NMU football: Wildcats close season looking for first road win at Ferris State
MARQUETTE – For the second-straight year, the Northern Michigan University football team will wrap up its season against Ferris State University, and at least one Wildcats defender still remembers how his team lost a year ago to the Bulldogs.
Pinned on their own 7 yard line with 3:11 to play at the Superior Dome, FSU marched 93 yards on 14 plays to pull within one point with nine seconds left.
Instead of going for the extra point to tie the game and send it into overtime, the Bulldogs went for two with a successful conversion to win 32-31.
“It’s not necessarily a chip on your shoulder, but you want to get them back,” NMU senior defensive back Brandon Parson said. “When somebody comes back at the end of the game, it doesn’t feel too good. That’s a worse loss than a lot of them. That’s hard for them to comeback on the last drive. We want to make a statement early in the game.”
The Wildcats, at 3-6 this season, matched their GLIAC win total from a year ago by beating Northwood in Marquette on Nov. 2, but can surpass that mark with a victory at noon on Saturday in Big Rapids against the Bulldogs.
The Wildcats, who won only once on the road last season at Northwood, are winless away from the Superior Dome this season and have been outscored 183-65 in opposing stadiums.
“It’s been a different year in a lot of different ways,” said NMU second-year head coach Chris Ostrowsky said. “We’re excited to get down there and play as hard as we can and hope to win.”
All three key offensive pieces to last year’s game-winning drive are back – sort of – for the Bulldogs, who sit second in the GLIAC North Division at 7-2 in the conference and 7-3 overall behind Saginaw Valley State.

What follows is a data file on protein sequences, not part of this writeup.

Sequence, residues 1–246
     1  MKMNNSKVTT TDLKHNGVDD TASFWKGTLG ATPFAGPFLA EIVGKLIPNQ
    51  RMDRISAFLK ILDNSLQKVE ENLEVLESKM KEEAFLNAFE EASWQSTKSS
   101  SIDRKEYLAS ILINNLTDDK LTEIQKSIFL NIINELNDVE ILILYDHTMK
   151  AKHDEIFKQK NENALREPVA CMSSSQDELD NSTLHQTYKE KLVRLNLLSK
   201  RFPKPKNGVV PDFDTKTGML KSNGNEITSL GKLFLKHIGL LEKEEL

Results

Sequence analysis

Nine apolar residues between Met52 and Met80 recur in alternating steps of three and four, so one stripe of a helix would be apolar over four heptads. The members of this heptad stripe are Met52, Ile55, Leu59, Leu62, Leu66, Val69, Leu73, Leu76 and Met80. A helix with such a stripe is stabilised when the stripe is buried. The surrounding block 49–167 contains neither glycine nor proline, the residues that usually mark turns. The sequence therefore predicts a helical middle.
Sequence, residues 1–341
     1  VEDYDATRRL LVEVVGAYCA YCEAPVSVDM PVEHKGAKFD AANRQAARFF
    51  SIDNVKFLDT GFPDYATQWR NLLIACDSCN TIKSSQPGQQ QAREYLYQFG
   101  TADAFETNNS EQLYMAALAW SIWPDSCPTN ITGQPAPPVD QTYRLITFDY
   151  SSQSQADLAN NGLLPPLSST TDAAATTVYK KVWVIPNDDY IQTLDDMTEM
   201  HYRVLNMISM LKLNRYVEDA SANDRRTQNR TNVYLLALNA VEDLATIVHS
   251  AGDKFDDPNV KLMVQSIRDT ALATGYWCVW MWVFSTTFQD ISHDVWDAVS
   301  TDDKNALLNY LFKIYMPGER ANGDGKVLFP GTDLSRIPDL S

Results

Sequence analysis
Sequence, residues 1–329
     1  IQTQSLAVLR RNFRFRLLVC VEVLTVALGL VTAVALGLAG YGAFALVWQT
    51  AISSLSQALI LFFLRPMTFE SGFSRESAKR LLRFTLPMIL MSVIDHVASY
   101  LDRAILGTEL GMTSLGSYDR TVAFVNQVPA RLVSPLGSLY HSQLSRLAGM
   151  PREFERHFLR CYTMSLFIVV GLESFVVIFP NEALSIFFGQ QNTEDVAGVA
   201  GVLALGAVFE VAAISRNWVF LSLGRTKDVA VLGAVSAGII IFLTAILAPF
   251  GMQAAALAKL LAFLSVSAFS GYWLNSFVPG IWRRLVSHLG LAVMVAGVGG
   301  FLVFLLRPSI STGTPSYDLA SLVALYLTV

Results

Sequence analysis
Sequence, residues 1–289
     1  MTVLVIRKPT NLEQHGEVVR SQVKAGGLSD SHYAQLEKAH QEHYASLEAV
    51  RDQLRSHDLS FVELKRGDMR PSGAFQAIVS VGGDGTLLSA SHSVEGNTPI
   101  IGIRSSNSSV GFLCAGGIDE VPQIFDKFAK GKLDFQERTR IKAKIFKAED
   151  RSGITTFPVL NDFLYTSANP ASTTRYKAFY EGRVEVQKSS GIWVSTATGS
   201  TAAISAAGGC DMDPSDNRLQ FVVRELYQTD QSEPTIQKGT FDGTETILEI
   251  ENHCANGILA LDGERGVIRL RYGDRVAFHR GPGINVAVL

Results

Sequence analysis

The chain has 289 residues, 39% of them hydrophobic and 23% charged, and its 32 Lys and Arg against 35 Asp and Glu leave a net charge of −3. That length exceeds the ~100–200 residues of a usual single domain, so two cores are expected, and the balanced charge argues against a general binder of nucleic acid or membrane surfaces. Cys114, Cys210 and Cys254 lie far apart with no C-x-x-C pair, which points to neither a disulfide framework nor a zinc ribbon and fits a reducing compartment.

Senior wide receiver Torico Searcy, who took the game-winning pitch into the end zone for the two-point conversion last year, hasn’t played the previous five weeks after making nine catches for 84 yards and a touchdown in the first five games.
Junior Jake Lampman, whose 14-yard TD catch last year pulled FSU within one, has been healthy and a favorite target of sophomore quarterback Jason Vander Laan with 30 catches for 448 yards and four touchdowns.
Vander Laan, who was 6-of-11 passing for 68 yards on the final drive in 2012 against NMU, is completing 63.3 percent of his passes this year as a sophomore for 1,589 yards, 14 touchdowns and nine interceptions.
Where he’s done his most damage is on the ground with 1,396 yards on 226 carries for 18 touchdowns. He’s also lost three fumbles.
Vander Laan is one of 28 finalists for the NCAA Division II College Football Player of the Year Harlan Hill Trophy and only needs 87 yards against the Wildcats to match the Div. II all-time single season record for rushing yards by a quarterback. He’s already broke the GLIAC record, which he set last year as a redshirt freshman.
“We blitzed him some and we contained him a lot,” Parson said about how NMU handled Vander Laan a year ago when the FSU QB rushed for 121 yards on 25 carries. “That was our biggest thing, make sure we contain him. He got us one time up the middle, but around the edges, that’s where you really want to stop him.”
The Wildcats will start true freshman quarterback Shaye Brown for the fifth-straight game with every other QB on the roster out with season ending injuries.
The college rookie has made a case for himself over his past four starts as the starting QB of the future, completing 59.43 percent of his passes for 883 yards, seven touchdowns and four interceptions.
He had completed 63 percent of his passes in his first three starts being limited to under 30 throws, but in last week’s 52-17 loss to Saginaw Valley State, Brown threw the ball 46 times with collegiate-highs of 22 completions and 263 yards. Two interceptions came with his two touchdowns.
“I just see him getting comfortable. He’s going to be a great quarterback. He has a lot of great pieces around him,” NMU senior wide receiver Christian Jessie said.
“He’s been handling the offense better, getting in and out of checks and stuff. I think he’ll be fine, we’ll be fine.”